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Cureus. 2017 Aug 1;9(8):e1534. doi: 10.7759/cureus.1534.

Rowers' Self-Reported Behaviors, Attitudes, and Safety Concerns Related to Exercise, Training, and Competition During Pregnancy.

Author information

1
Alaska Family Medicine Residency.
2
Department of Anthropology, University of Central Florida.
3
Office of Assessment and Evaluation, Johns Hopkins University School of Medicine.
4
University of Central Florida College of Medicine.

Abstract

Background The American College of Obstetrics and Gynecology notes that pregnant athletes require more supervision due to their involvement in strenuous training schedules throughout pregnancy. Currently, rowing is not mentioned in the guidelines despite its increasing popularity, high cardiovascular demands, and risk for abdominal trauma. Methods This study aimed to elicit information from competitive female rowers regarding exercise, training, and competition during pregnancy. We administered a survey consisting of 122 items to female Masters rowers in the United States, aged 21 to 49 years, from June to December 2013. Results A total of 224 recreational and elite rowers met the inclusion criteria. Pregnant rowers self-reported high levels of exercise engagement: 85.2% (n/N = 98/115) exercised during any past pregnancy; exercise adherence decreased throughout pregnancy with 51.3%, 42.4%, and 15.7% meeting and/or exceeding national guidelines during the first, second, and third trimesters, respectively. Rowers were significantly (p < 0.001) more likely to state that an activity at a specified intensity and trimester was unsafe if they were younger, had less rowing experience, or were nulliparous. Decreased perceived rowing safety was associated with on-water training, higher intensity exercise, competition, and increasing gestational age. Primary safety concerns were the risk of oar-induced abdominal trauma and physiological effects due to high intensities required by the sport. Novel barriers to exercise in pregnancy included guilt towards the team and a mental barrier due to decreased performance. Healthcare providers are the number one information source for rowers regarding exercise during pregnancy. Conclusion Pregnant rowers are a relevant obstetrics population and have barriers and sport-specific safety concerns not previously identified in the literature. Rowers consider exercising in pregnancy to be important and struggle to meet exercise guidelines like the general population, indicating the need for healthcare providers to provide prenatal and antenatal education and interventions to support exercise during pregnancy even amongst athletes.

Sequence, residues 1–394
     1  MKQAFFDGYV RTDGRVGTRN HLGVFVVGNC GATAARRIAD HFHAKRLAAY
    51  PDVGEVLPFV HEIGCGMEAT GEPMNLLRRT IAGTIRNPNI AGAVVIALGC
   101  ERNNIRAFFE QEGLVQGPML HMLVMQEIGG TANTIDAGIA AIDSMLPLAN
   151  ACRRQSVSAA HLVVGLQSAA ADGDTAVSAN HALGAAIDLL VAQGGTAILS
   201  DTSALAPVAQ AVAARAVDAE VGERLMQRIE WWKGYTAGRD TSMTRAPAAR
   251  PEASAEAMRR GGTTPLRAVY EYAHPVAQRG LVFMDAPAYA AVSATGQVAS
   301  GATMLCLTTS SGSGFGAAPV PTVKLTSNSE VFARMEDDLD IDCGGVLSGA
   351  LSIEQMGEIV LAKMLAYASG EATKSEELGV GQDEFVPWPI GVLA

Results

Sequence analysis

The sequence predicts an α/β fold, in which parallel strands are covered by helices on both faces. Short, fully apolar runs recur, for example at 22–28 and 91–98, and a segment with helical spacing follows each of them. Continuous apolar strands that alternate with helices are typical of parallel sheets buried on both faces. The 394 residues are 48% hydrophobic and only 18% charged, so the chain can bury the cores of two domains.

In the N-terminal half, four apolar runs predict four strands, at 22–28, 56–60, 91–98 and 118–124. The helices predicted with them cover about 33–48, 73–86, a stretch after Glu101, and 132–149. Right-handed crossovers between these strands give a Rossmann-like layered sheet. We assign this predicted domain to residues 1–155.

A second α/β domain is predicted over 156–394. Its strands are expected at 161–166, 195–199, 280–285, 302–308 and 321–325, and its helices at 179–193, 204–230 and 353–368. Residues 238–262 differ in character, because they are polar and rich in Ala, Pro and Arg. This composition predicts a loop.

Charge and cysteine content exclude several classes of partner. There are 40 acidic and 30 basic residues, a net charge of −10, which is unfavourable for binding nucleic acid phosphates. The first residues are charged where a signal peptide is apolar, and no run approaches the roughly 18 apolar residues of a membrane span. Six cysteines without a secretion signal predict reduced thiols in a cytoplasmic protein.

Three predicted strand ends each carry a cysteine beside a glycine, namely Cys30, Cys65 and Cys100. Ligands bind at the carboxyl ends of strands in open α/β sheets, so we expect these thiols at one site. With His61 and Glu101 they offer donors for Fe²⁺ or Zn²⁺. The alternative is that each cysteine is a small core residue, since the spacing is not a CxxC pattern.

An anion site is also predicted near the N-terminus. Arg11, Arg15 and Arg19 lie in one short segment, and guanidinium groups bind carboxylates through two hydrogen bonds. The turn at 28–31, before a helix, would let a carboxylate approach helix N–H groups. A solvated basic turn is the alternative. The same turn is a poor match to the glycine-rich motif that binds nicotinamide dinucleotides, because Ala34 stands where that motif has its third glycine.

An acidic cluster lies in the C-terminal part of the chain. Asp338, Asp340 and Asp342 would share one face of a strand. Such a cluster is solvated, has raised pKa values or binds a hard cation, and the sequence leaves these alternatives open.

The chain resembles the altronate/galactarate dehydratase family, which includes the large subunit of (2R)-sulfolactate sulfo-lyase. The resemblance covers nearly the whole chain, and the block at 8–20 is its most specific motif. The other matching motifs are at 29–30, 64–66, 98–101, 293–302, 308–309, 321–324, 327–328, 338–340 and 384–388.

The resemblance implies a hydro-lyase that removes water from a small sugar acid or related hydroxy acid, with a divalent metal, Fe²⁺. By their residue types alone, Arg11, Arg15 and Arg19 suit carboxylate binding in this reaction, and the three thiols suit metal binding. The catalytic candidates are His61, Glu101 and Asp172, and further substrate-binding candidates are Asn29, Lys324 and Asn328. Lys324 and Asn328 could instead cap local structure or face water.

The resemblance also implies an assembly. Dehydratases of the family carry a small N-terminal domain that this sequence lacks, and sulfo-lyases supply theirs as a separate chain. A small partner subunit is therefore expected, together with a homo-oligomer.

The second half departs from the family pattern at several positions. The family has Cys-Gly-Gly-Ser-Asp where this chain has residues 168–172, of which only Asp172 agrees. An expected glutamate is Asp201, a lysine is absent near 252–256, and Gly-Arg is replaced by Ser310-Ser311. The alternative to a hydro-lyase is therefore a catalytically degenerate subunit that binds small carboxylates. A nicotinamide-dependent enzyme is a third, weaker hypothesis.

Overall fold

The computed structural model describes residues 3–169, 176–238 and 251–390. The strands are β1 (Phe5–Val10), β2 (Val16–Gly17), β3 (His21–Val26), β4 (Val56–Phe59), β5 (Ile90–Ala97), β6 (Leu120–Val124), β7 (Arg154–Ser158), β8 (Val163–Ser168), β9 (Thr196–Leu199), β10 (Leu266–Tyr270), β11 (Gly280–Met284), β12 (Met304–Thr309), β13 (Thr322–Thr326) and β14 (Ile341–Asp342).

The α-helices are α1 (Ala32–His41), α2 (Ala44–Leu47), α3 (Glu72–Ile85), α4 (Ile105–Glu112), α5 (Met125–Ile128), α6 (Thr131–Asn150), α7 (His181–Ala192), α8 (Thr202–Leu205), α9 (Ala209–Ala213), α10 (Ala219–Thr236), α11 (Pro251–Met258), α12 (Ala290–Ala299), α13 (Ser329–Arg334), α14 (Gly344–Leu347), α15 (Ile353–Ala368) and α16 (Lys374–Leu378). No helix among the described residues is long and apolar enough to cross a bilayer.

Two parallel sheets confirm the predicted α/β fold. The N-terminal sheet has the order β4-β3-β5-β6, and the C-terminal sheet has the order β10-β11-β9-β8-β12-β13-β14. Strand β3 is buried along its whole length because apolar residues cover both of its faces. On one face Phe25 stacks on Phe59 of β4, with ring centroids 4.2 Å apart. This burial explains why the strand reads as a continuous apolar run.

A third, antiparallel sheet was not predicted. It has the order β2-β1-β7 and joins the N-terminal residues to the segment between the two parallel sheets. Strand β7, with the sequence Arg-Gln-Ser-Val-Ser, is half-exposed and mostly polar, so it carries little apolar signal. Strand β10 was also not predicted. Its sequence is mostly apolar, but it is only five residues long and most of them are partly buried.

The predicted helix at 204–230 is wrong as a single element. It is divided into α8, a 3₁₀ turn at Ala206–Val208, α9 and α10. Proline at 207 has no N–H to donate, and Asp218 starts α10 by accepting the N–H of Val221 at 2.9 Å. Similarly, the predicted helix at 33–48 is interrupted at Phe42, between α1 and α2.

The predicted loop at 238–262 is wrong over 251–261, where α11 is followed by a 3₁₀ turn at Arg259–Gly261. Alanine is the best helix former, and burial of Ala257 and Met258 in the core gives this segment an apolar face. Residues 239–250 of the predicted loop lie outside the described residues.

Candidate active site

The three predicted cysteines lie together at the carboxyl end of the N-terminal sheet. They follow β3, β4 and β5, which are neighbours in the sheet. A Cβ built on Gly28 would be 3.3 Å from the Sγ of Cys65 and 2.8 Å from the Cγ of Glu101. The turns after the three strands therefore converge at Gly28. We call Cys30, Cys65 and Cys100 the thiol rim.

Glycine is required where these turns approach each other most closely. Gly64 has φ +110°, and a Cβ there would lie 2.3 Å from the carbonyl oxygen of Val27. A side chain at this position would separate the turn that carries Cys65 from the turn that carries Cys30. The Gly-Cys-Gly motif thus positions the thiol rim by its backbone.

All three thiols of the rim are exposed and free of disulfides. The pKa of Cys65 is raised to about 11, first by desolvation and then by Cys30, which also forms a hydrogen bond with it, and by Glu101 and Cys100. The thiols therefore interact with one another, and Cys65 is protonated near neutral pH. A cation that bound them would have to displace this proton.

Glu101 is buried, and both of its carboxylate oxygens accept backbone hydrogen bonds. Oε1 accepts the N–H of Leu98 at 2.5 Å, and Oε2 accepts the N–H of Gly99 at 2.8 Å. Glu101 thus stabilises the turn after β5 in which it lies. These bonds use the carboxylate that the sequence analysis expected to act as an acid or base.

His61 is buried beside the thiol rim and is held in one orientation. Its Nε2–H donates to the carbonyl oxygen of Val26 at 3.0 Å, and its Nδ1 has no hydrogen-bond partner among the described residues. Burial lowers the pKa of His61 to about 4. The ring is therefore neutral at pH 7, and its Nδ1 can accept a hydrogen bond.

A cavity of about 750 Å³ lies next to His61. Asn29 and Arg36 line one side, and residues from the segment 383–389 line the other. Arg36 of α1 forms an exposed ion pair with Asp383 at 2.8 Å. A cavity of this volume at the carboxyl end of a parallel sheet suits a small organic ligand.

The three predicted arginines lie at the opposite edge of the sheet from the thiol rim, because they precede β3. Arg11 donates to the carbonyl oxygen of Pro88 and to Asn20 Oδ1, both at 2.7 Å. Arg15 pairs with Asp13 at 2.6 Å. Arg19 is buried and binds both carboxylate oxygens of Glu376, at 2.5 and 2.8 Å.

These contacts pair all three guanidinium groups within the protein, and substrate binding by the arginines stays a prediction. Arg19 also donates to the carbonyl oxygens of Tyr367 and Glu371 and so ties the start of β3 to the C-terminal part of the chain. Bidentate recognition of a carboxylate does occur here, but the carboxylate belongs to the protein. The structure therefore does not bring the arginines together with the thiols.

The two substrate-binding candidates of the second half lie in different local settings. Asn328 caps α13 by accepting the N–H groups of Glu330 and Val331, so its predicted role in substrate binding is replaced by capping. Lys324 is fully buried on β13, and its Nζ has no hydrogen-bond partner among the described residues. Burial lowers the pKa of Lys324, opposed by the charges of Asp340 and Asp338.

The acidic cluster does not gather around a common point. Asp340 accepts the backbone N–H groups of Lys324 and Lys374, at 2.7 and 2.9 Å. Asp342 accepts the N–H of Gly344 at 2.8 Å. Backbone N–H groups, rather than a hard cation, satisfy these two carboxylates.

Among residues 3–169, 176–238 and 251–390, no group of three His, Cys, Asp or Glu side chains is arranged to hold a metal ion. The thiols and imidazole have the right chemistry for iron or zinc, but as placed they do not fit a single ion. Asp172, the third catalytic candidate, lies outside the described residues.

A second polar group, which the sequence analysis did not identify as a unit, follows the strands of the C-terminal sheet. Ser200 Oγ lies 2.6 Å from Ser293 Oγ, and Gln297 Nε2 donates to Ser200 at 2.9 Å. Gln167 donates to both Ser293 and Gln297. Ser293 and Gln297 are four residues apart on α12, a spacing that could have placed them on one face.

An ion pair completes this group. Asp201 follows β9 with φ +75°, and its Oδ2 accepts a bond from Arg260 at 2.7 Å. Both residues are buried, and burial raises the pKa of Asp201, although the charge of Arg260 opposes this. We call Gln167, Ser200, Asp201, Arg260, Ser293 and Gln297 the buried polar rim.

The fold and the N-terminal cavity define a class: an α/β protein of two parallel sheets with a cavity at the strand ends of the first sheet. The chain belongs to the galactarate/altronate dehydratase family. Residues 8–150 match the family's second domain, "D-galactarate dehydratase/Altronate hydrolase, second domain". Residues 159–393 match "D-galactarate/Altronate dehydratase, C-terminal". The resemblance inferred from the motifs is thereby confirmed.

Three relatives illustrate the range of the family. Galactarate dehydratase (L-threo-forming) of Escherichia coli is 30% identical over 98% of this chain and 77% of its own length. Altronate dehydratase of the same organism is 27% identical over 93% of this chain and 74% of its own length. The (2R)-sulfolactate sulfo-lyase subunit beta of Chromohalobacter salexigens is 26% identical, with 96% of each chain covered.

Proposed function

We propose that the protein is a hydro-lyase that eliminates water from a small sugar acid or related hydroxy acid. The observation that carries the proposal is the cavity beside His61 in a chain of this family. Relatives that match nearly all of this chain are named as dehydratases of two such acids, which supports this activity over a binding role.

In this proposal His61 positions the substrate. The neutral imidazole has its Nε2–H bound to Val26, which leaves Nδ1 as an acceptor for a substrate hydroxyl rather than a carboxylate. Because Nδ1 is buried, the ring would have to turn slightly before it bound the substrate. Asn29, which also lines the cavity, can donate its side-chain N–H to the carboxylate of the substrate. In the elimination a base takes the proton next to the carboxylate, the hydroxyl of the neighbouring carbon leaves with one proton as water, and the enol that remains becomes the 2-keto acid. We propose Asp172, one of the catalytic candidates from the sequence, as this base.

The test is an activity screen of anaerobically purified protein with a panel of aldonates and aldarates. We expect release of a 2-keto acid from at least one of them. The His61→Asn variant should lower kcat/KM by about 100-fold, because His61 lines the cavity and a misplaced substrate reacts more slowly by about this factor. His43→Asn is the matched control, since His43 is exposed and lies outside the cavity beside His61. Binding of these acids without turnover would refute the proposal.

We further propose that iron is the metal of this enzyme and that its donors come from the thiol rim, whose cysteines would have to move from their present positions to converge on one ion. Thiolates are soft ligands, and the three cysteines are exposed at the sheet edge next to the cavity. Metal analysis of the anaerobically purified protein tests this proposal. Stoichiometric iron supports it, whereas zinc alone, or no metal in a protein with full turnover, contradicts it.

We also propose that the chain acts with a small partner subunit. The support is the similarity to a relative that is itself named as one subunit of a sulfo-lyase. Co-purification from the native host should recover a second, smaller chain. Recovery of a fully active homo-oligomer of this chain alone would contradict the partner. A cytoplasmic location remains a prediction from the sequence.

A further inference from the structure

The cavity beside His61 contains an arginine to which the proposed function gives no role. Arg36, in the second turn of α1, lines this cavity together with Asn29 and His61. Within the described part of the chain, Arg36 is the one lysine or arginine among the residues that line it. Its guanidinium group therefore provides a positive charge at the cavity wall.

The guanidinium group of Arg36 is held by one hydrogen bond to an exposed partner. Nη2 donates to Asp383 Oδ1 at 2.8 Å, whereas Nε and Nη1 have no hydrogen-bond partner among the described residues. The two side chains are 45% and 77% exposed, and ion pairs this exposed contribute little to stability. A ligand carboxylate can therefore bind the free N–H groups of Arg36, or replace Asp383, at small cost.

KEYWORDS:

antenatal exercise; crew; exercise; exercise during pregnancy; pregnancy; pregnant athlete; preventive medicine; rower; rowing; sports medicine

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